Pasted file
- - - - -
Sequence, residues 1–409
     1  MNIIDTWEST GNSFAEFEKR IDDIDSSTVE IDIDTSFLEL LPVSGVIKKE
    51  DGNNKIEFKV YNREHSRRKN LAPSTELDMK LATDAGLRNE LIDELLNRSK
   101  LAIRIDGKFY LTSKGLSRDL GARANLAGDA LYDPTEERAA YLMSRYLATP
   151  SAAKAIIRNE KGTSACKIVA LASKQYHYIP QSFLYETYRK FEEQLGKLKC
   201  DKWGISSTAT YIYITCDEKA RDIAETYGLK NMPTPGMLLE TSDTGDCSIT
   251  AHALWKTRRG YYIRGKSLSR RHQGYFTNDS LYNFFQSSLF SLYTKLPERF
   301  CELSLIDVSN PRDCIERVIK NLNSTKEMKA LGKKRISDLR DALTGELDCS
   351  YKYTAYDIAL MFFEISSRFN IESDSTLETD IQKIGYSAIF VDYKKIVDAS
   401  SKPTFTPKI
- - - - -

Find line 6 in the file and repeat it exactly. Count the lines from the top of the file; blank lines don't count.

   201  DKWGISSTAT YIYITCDEKA RDIAETYGLK NMPTPGMLLE TSDTGDCSIT